Recently, my father and I traveled to the lush, unspoiled country of Nicaragua and learned, like many others, that Central America’s largest country possesses all kinds of cool draws for the tropical traveler. The people, the culture, and the land are a treat to explore at a price that any backpacker can afford. On this trip, we used public transportation rather than renting a car and it saved money on an already affordable excursion. From the colonial city of Granada, across Lake Nicaragua, and to the warm sunsets of San Juan del Sur, every place we went and everyone we met convinced us to come back as soon as possible.
Morning in Managua, we enjoyed a typical breakfast of eggs, rice and beans, and white cheese. Eating is my single favorite thing to do when I’m away, and breakfast is my favorite meal. We had already decided that we were not going to rent a car like usual, but count on public transportation and taxis. Granada was to be our first destination which meant we needed to head about 45 minutes south of Managua. The buses run out of the depot or, like we did, you can wait for a shuttle bus to come by at regular intervals. This usually costs less than a dollar but can be quite packed (as ours was). Once we were on the bus, you can just sit back with your head out the window, and enjoy the sights and smells of Nicaragua.
Granada is a modern city that still holds onto its colonial roots. Everything surrounds the central park and we were staying close to that area. It makes things nice when you are trying to find your way around. A visit to Managua isn’t complete without a trip to the mercado. Every town has one but the market in Granada covers a great expanse of neighborhood and seems to wind forever into mazes of plantains, fish, and chicken. I mean there was some crazy stuff in this place. I bought a freezer bag of human heads. For real. It’s a few blocks west of the central plaza and is liveliest in the morning. I’ve never seen anything like it. After the sun comes up, a stiffling blanket of wet heat descends upon the city until late afternoon. That’s when you take the short trip up to sites such as Volcan Mombacho and experience cooler cloud forest temperatures. Enjoy a volcano trail draped with ferns and bromiliads while the sloths and spider monkeys sing to you from the branches above.
Power outages, while common in all of Central America, can happen frequently in some parts of Nicaragua. Take Isla Olmetepe for instance. This island pair, formed by twin volcanoes is remote and with that you can expect some minor discomforts. A full day of riding motorcycles over dirt and and cobblestone roads, dodging roosters and pigs can wear out the heartiest of world travelers. The bikes were less than $30 for the day and we drove anywhere they could take us. We tried to scoot around the NE side of the island, but we almost shook the scooters apart on bumpy rock roads before deciding to abort the mission.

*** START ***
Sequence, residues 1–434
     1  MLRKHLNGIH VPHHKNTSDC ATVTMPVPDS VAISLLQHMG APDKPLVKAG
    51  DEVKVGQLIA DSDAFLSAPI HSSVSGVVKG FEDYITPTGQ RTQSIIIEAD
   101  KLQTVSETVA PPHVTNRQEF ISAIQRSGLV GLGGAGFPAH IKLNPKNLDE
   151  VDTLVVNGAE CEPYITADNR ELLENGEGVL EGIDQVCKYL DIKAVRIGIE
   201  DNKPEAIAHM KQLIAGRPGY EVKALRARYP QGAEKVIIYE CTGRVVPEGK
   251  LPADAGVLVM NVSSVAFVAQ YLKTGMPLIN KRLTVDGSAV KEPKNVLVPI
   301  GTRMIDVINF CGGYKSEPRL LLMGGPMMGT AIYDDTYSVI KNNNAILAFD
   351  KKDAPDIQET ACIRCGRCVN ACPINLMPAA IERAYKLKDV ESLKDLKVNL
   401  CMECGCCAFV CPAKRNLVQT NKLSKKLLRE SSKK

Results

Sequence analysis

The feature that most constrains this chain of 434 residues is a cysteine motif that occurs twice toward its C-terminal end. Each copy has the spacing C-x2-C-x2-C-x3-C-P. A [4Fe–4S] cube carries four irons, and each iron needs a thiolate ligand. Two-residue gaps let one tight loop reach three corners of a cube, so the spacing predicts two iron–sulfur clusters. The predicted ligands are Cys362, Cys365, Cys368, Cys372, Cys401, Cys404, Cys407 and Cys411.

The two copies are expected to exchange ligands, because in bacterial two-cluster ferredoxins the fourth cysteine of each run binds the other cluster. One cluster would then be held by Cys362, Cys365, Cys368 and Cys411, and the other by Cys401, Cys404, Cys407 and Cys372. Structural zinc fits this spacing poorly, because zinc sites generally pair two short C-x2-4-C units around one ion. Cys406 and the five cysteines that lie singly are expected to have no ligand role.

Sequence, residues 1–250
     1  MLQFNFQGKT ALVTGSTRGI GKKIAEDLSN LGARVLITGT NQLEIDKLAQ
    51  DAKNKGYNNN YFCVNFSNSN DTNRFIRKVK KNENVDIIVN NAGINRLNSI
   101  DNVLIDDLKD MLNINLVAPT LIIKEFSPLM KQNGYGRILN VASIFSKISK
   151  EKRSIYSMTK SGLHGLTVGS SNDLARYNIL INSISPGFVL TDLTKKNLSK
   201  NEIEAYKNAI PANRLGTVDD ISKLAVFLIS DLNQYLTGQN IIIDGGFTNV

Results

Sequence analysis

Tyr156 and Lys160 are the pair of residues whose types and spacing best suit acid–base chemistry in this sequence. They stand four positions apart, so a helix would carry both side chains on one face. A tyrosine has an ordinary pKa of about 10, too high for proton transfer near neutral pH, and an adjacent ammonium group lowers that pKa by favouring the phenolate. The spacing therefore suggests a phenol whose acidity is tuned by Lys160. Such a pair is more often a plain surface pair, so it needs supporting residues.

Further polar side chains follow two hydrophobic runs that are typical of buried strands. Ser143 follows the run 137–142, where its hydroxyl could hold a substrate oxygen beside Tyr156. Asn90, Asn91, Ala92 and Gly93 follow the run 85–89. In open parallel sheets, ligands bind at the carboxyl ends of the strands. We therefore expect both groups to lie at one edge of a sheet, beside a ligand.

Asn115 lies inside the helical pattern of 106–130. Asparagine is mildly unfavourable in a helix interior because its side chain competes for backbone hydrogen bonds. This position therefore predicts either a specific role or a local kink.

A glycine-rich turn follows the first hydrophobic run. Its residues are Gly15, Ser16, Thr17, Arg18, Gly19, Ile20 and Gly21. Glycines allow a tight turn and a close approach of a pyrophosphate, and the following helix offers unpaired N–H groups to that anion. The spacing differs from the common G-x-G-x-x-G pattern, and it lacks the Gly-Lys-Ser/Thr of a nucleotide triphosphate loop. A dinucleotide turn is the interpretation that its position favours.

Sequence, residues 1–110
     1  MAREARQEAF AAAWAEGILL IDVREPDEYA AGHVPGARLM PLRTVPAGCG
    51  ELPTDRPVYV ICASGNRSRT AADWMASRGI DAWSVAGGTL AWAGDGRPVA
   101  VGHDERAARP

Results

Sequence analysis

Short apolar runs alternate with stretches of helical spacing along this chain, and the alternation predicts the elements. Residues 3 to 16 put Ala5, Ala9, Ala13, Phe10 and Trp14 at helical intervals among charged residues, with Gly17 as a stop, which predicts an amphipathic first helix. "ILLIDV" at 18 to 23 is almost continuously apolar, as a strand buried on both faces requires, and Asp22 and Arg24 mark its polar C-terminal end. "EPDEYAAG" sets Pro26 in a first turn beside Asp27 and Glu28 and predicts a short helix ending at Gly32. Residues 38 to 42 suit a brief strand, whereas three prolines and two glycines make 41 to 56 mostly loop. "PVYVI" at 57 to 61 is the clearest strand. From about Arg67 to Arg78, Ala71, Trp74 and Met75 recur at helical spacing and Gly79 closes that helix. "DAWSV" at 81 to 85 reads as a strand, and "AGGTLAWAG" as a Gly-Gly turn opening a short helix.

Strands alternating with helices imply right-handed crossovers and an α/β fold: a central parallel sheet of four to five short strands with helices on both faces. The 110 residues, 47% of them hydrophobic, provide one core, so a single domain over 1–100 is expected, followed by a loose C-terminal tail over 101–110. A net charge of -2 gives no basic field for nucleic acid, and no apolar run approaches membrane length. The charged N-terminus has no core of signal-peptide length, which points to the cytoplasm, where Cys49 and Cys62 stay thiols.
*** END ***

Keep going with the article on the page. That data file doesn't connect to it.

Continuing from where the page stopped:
Pop had been traveling more with mom so I was afraid he might have gone soft and not be able to take the road less traveled. Too much room service you know. This was my night to pay so naturally we stayed in a hostel. While it had few amenities, it did have a box fan for each person. A man can put up with a great deal of life’s curve balls if he has a box fan in his face at night(1). Around three in the morning, all the power went out leaving me lying in a pool of sweat and Flor de Cana,and pop had locked himself in the bathroom, coming to terms with a late night chicken burrito. Be ready for this if you leave the resort. Not everyone is on board with this kind of silliness, but if you are, it will take you down some unusual roads.
The last stop on our trip was San Juan del Sur, on the Pacific coast. This tropical outpost of fisherman and surfers sits in a protected cove and invites foot traffic reminiscent of an old Caroline Street in Key West. If the sea of ripped surfers doesn’t make you feel like an emasculated prune with a sunken chest you can always get on board and learn to ride the waves. It’s easy. You just rent a board. Swim out. Turn around. Paddle fast. Stand up. Surf…..No problem. You can even look up how to do it online. Right. Trust me, surfing is hard work. That’s why surfers have big chests.
I had plenty of trouble just walking around town with my mother ship of a surfboard. The winds blowing across the country from Lake Nicaragua slide over San Juan del Sur and push the lip of the waves up high. And they can virtually lift up someone trying to walk down the beach with a board the size of a canoe. It almost didn’t fit in the hotel room, but it did kinda look cool.
The main problem with San Juan del Sur is the women. Some surf, but many just lie on the beach and watch surfers all day. Believe it, it’s almost surreal how many gorgeous women are walking the streets. It is unbelievable. The really fancied up girls wear flip flops. Most others have on little more than a bikini and smile. With so many girls from so many places, it’s easy to think you are in Mexico Beach for spring break, rather than the jungles of Nicaragua.
Remember, as a bus rider, you need to know what you are doing before you do it. As you walk up to a taxi or bus depot, have an idea in mind. You are going to be mobbed by drivers trying to give you the best deal. Keep moving like you know where you are going. A bus ride is $2 from Rivas to Granada while a cab ride is over $20. Keep a sharp eye. Look for the unexpected and see where it takes you. Don’t plan everything. It pays to be a cautious traveler. You don’t know what you’re going to find around that next stretch of trail or beach. Visit Nicaragua. Wherever you go, good luck and have fun. Be sure to check out Nail Travels for a jalapeno cream sauce recipe that found it’s way back from the streets of Granada.
(1) Lila, Mama. Beach house. Fort Morgan Road, Gulf Shores, AL. 1979